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Researchers have reproduced trinitite, the green-hued glass left by the first U.S. nuclear blast, for use in forensic studies.

Researchers have reproduced trinitite, the green-hued glass left by the first U.S. nuclear blast, for use in forensic studies.

Matthew Rakola

Surprise nuclear strike? Here's how we'll figure out who did it

Last summer, an atomic bomb detonated in a city on the U.S. Eastern seaboard, killing tens of thousands and plunging the nation into despair. As first responders and the military grappled with the aftermath, elite teams of scientists raced to analyze the blast for clues to precisely what kind of bomb had gone off and who bore responsibility for the act.

That was the premise of an exercise—the first of its kind—held in July and August 2015 to test a new network of sensors that would collect data during a surprise nuclear strike. The Mighty Saber simulation was a sobering acknowledgment of many experts’ belief that an attack on U.S. soil is more likely than ever—yet tracing responsibility would be far harder than it was during the Cold War, when the chief threat was annihilation by the Soviet Union.

“The scenario has changed,” says Thomas Cartledge, a nuclear engineer with the U.S. Defense Threat Reduction Agency (DTRA) in Fort Belvoir, Virginia. “Now, if you see a mushroom cloud go off in New York City, you won’t know who did it, or what kind of weapon they used.”Possibilities include a warhead diverted from the U.S. arsenal or smuggled into the country by terrorists, or a bomb delivered by an enemy state such as North Korea, which has threatened to nuke the White House.

The conceivable need to unmask a perpetrator and mount a response is propelling the emerging area of postdetonation forensics. “Someone’s going to get the pointy end of the stick. You want to make sure the right entity gets it,” says Howard Hall, director of the Institute for Nuclear Security at the University of Tennessee, Knoxville. He and other nuclear detectives are devising new sensors, manufacturing artificial fallout to hone analytical techniques, and studying how the glass formed in the furnace of an atomic blast would vary depending on the nature of the bomb and the city where it detonated.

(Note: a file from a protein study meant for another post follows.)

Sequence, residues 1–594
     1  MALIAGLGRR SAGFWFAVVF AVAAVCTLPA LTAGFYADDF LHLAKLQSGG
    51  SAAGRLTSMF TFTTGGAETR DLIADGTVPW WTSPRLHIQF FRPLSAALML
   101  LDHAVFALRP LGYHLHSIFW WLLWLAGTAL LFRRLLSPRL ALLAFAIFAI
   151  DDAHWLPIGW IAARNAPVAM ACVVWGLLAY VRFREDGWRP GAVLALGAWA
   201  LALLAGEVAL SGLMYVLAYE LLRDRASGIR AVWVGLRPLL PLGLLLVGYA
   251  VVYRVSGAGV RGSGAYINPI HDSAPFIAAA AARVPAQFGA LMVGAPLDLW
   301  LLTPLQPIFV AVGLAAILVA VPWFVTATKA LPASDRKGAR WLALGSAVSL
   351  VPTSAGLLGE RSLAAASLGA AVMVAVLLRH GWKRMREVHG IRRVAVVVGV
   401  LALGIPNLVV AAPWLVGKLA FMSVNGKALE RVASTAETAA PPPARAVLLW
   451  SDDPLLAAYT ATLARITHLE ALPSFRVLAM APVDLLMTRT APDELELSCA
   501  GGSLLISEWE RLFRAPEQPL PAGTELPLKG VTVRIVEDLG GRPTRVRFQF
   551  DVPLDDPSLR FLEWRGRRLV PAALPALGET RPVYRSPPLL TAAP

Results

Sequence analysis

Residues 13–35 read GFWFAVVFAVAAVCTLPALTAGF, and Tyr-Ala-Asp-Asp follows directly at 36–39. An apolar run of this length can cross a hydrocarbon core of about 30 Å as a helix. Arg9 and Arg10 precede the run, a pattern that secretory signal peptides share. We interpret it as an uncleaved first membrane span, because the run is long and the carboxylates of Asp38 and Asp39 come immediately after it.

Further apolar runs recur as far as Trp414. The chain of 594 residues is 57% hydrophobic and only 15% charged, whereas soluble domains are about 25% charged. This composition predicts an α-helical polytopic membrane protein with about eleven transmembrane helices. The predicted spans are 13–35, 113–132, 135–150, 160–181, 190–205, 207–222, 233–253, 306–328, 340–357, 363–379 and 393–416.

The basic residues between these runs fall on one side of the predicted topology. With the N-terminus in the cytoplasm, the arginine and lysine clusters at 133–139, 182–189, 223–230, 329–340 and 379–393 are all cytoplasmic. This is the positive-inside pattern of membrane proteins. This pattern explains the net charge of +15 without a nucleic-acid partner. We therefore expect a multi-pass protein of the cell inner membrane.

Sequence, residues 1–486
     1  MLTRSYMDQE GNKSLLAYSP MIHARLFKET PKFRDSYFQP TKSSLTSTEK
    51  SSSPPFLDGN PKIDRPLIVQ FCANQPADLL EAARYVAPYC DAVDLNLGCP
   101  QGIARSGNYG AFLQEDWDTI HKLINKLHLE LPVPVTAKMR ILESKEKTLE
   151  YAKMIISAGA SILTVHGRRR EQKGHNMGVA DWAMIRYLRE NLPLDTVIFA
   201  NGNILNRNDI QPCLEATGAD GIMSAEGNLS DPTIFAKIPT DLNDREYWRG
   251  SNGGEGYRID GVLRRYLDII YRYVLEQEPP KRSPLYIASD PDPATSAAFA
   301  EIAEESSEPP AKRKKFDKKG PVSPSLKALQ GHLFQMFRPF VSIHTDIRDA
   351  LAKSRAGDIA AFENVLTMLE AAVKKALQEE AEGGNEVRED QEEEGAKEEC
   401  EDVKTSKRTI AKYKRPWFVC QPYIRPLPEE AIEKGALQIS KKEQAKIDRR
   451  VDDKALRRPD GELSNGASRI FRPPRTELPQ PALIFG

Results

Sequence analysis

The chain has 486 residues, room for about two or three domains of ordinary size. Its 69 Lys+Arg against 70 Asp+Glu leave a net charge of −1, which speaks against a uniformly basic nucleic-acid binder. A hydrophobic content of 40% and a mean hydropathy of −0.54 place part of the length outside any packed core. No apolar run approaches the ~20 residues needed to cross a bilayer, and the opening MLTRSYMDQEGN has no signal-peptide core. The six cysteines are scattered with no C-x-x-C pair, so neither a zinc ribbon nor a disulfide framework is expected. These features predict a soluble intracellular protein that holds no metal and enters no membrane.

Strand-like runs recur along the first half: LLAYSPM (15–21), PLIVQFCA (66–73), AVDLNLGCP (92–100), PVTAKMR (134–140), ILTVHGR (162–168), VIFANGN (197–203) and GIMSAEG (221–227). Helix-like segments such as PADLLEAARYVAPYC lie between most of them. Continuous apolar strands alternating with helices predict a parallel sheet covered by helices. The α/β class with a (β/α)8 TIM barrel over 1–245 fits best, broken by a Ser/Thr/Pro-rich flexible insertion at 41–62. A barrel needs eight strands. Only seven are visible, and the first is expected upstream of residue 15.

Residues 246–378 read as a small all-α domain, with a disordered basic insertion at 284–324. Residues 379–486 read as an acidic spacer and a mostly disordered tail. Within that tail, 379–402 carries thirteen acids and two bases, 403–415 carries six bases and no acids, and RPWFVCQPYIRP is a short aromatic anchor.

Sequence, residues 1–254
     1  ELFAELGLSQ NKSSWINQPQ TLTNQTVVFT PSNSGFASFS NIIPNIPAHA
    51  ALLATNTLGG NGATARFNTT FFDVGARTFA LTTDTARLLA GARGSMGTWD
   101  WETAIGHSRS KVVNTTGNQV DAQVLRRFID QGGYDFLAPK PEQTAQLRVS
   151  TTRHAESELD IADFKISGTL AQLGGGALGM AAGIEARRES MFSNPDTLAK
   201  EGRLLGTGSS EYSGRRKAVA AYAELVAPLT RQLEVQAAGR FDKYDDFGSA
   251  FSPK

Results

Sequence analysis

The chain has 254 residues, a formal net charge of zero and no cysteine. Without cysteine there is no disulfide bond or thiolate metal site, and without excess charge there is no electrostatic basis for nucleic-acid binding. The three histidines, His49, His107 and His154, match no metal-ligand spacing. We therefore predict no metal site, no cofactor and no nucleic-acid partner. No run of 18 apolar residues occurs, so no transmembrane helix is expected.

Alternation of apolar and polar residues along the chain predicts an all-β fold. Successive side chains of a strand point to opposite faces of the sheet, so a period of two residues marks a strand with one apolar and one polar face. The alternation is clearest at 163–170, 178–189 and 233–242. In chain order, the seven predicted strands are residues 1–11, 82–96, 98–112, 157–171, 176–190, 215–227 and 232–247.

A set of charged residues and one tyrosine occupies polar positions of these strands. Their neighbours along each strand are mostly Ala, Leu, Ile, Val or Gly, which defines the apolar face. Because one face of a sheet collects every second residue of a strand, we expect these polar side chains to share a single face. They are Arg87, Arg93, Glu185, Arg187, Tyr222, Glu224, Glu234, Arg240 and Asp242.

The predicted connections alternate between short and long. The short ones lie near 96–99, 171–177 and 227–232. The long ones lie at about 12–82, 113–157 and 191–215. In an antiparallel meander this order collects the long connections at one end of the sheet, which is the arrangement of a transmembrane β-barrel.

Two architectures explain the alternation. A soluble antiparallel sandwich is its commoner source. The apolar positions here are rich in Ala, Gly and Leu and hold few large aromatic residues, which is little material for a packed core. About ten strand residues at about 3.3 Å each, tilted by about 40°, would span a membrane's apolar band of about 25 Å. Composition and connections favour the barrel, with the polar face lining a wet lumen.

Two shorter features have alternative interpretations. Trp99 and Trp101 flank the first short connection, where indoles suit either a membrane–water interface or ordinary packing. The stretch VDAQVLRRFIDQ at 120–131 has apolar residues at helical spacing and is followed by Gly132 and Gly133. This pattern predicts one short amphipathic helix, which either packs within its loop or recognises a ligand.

The most likely nuclear terrorism scenario, experts say, is a bomb set off on a city street. Past experience offers only a sketchy picture of the resulting devastation. The atomic bombs the United States dropped on Hiroshima and Nagasaki in 1945 detonated about 500 meters above those cities. During the subsequent half-century, while the United States refined its atomic arsenal, nearly all tests were in the air or underground, not in citylike environments. Researchers did study fallout and how it forms, but they were seeking clues about how to prevent or alleviate radiation illness, not identify the perpetrator. “Scientists were not interested in figuring out what kind of device had detonated, because they already knew that,” says analytical chemist Michael Kristo, a nuclear forensics expert at Lawrence Livermore National Laboratory in California.

A. Cuadra/Science

Still, the testing program was a proving ground for postdetonation forensics. The U.S. national labs “put together some very good radiochemical procedures for analyzing debris,” says Hall, a radiochemist. Fallout is a mélange of the vaporized environment—soil and structures that were near the blast—laced with fission products (radioisotopes created when fissile materials like uranium or plutonium fission), activation products (radioisotopes formed when the blast radiation transmutes shielding and other bomb components), and residual nuclear material. The precise constituents vary according to a weapon’s design—whether it’s a simple gun-triggered uranium device, for example, or an intricate hydrogen bomb.

“Each type of weapon has a distinct fingerprint,” says Michael Pochet, a U.S. Air Force electrical engineer detailed to DTRA. In plutonium bombs, for example, the fissile isotope is plutonium-239, made in nuclear reactors and extracted by reprocessing spent fuel, which contains a mix of plutonium isotopes and other actinides like americium. Detecting those nuclei indicates that the bomb’s core was plutonium. Their proportions hold clues to the bomb’s history, says Joel Ullom, a physicist at the U.S. National Institute of Standards and Technology in Boulder, Colorado, who, with colleagues at Los Alamos National Laboratory in New Mexico, has developed a superconducting sensor that speedily differentiates plutonium isotopes.